Tuesday, May 20, 2014

Pancho Rabbit and the Coyote: a Migrant's Tale

Pancho Rabbit and the Coyote: a Migrant’s Tale
Duncan Tonatiuh
The rains have not come, and Pancho Rabbit's father and some of the other workers have to travel to El Norte to find work. When he is about to return Pancho's family plans a big party, but they never arrive. Pancho knows that there is something wrong, so he asks a Coyote to help him get to the North. The path is long and difficult, and Pancho has to pay the Coyote in food that he had planned to give his father. Soon, Pancho runs out of food, and the Coyote makes plans to eat the rabbit instead! Thankfully, Pancho's father and his friends are nearby and hear Pancho's yell for help, and the Coyote flees. Pancho, his father, and his father's friends go back home now that Pancho has learned the way.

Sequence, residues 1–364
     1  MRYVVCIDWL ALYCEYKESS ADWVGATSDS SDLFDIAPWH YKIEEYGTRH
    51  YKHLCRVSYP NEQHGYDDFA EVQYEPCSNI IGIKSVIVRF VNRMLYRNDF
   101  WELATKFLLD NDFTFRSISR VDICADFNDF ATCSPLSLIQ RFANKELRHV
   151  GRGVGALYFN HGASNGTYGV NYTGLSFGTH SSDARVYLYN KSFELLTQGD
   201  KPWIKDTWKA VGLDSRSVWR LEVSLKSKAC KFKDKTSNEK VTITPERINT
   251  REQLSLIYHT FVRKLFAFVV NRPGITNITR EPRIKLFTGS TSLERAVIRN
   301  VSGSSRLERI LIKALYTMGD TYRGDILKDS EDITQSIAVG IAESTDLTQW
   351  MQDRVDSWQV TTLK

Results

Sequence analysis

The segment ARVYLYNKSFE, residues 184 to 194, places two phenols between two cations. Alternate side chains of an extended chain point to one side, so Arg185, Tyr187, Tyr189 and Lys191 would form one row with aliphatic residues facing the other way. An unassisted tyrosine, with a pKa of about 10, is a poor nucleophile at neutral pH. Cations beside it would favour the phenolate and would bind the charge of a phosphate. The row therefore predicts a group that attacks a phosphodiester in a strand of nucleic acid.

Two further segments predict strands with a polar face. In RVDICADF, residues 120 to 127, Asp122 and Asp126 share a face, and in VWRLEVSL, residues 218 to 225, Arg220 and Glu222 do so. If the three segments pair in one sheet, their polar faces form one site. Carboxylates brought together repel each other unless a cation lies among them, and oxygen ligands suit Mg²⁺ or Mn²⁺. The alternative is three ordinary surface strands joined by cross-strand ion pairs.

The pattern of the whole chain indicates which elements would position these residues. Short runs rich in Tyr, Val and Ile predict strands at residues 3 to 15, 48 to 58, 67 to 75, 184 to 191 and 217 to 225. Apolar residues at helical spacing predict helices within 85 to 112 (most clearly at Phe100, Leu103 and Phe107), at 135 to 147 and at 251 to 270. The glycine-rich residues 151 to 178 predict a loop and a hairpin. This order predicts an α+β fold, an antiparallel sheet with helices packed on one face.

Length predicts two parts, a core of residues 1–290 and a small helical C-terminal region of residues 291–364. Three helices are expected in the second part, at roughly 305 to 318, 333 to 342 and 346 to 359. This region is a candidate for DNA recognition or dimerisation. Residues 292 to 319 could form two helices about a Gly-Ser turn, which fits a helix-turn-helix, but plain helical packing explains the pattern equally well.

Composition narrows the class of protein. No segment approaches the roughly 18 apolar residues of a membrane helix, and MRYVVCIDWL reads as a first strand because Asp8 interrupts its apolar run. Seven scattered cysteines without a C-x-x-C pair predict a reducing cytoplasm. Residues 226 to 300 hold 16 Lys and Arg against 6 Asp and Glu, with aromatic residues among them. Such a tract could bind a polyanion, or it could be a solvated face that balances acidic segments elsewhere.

This book is really a treasure, and a necessity. Using animal characters, especially the Coyote in the role of the "Coyote," was a really good idea that will help children see the plight of the migrants who make the difficult journey North for work. The story conveys the fact that many people who come to work in the United States as migrants do not always have a choice; there is simply no work for them back home. They have to stay away from their families for long periods, and the journey here and back is very difficult. And, sadly, the Coyote can sometimes turn out to be a villain in disguise. By telling the story from Pancho Rabbit's point of view, we see the worry families go through when their loved ones leave, and when, unfortunately, some never return.

This is a very serious and sad part of life for many migrant families, and this book conveys the reality and hardships undertaken for a better life in a way that young children can understand.

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